Dispatches From The Front: Job Interview - Zero's Path
Dan Burns' Dispatches From The Front At the Capitol – Question Everything


Birgit Calhoun

It could be Hawaii, but it could also be Kharkiv, Ukraine. That's exactly 4884 miles from New York City. I don't know how there might be a connection, but early vaccinations were done there. That neck of the woods had lots of polio.

cia parker

Polio can be spread either through the water or the air. The EV-68 two years ago was airborne, and caused tens of thousands of kids to get severe respiratory symptoms. About 120 cases of paralysis, 12 deaths. It's in the polio family, another enterovirus.


LOL! Thanks Dan, I will try to be patient.

So 4,000 miles we are going with this.

Would that be back toward the sugar canes of Hawaii?

I found this

"In 1900 more contract laborers were brought from Puerto Rico, in 1903 Korea and between 1907 and 1931 the Philippines. Most of these stayed in the islands and started families. Meanwhile, the native Hawaiians became a minority in their own homeland.

For almost 75 years, sugarcane reigned, subsidized largely by the U.S. Federal Government. Sugar planters ruled the islands’ economy, changed their social structure and kept them in a colonial plantation style of living with bosses and field workers."

Soooo what was it like to work as a field worker, did they provide latrines in the field during the harvest?

Dan Olmsted

benedetta -- that's a good thought and may be true but it's not where i'm going, so to speak. stay tuned! dan


Geesh, I got to thinking - 4000 to the sugar cane fields to find some animal that carries the some virus belonging to the polio virus class-- the Picornaviridae family, or maybe just 2500 when they loaded the sugar up on the train cars.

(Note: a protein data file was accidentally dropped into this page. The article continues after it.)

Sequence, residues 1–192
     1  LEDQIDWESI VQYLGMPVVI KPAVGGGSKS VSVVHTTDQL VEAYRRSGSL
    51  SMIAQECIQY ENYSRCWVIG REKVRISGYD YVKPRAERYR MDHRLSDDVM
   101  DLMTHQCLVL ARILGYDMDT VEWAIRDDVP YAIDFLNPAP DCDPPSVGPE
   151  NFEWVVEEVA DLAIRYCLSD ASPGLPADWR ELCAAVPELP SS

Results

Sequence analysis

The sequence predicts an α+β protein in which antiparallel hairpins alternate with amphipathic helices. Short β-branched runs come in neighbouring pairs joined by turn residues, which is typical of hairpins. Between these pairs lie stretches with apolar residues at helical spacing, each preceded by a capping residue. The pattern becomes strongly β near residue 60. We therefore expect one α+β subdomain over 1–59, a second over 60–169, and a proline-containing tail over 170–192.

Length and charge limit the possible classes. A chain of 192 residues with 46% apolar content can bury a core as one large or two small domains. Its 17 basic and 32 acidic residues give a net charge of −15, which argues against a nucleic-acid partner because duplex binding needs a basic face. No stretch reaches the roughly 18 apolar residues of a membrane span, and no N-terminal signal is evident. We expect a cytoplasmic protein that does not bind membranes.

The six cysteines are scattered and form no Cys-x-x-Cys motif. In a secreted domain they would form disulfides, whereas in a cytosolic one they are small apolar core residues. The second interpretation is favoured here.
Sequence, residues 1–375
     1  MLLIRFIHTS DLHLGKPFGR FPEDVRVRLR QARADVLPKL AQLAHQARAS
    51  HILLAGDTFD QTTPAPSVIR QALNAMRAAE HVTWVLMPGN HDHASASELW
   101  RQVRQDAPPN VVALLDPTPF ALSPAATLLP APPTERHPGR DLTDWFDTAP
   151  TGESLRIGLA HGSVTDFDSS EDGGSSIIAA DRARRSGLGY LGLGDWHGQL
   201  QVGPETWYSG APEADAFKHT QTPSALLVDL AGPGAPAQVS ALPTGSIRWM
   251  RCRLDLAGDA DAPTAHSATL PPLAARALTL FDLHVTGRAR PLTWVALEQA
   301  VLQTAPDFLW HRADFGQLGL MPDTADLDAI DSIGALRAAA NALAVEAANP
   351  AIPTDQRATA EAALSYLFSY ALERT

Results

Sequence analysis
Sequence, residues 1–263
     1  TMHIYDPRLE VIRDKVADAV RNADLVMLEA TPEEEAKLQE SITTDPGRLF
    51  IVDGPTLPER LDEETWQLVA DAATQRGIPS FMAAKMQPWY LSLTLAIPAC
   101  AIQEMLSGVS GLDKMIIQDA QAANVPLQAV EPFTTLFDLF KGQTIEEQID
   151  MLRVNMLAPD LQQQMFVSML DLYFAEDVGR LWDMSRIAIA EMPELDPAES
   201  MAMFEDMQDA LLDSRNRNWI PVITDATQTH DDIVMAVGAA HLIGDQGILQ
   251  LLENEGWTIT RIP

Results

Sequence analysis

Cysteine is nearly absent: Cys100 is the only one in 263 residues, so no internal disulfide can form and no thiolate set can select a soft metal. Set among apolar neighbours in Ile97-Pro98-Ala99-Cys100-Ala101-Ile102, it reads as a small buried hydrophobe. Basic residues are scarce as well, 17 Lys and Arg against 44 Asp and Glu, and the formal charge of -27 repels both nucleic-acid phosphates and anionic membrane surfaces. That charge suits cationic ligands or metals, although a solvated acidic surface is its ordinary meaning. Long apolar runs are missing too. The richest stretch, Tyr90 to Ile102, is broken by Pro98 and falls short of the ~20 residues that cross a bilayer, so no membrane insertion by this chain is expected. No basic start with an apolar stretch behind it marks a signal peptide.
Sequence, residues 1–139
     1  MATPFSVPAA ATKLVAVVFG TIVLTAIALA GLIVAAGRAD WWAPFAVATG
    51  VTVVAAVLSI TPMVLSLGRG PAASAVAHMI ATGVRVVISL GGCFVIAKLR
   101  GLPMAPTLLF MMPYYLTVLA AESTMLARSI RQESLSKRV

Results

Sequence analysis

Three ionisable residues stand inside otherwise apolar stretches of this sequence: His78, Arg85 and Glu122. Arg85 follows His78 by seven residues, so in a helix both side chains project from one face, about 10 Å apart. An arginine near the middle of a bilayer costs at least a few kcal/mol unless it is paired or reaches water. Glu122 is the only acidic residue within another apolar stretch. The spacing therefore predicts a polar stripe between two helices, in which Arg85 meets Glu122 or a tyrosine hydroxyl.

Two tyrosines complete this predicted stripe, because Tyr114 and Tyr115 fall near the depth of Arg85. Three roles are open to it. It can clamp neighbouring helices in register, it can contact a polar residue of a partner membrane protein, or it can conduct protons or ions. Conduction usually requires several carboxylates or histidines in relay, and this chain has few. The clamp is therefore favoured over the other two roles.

What else did the train cars carry? Cattle/horses/livestock - perhaps?

Dan Olmsted

birgit -- my understanding is that it's theoretically possible to spread polio through water (and flies) but the focus on these as major vectors was all wrong. i'm studying it as i go, though, and open to more thoughts. i guess if the water had fecal contamination ... but that seems like a much more inefficient route ....

Birgit Calhoun

My recollection of a polio epidemic also had to do with a hot summer. It was in the early 1950s in Bremen. Children could only go to city-maintained chlorinated swimming-pools and the entrance was free. No swimming in rivers and ponds was allowed. The theory at the time was that it had something to do with open waters. We didn't go swimming at all that year. To make it easier for us children, we also could go to all the museums for free.

Dan Olmsted

david -- that's an interesting line of inquiry that hadn't occurred to me. i've seen suggestions that the epidemic -- which was well under way by the time of the first shark attack -- drove more people to the beach to try to escape crowded city conditions that were suspected of spreading the virus. so just like charts that correlate ice cream consumption and polio cases, you can google and find one that shows shark attacks and polio rates. and 1916 was an incredibly hot summer also leading to more beach-going. how all this interacts is a little beyond my hypothesis but you're triggering new thoughts. thanks for reading it...

birgit -- i'm always interested to hear from folks who remember details from times past (not 1916, i know!). hadn't heard of sugar loaves and will incorporate that into my thinking just as lou's comment on seeing sugar pouring out of boats and into the factory in yonkers was very helpful.

we have a long way to go here and i hope and believe it will be worth the trip. stay tuned all, and please keep commenting.

david m burd

Of course sharks may prefer chocolate or vanilla body odors, only logical.

AND, just guessing, but were (or are?) shark attacks most always on children/youngsters who I eat a lot more ice cream and candy bars/sweets compared to adults?

Imagine the Dairy Lobby & Sugar Lobby from whence ice cream originates reacting to the solid evidence that sharks just love to chomp onto ice cream and/or sugar eaters! It would be identical to the CDC reacting to the abundant evidence that the Vaccine Schedule causes autism, etc. "IMPOSSIBLE, THE SCIENCE IS IN, VACCINES DON'T CAUSE AUTISM! - THE SKY IS BLUE, THE EARTH IS ROUND!"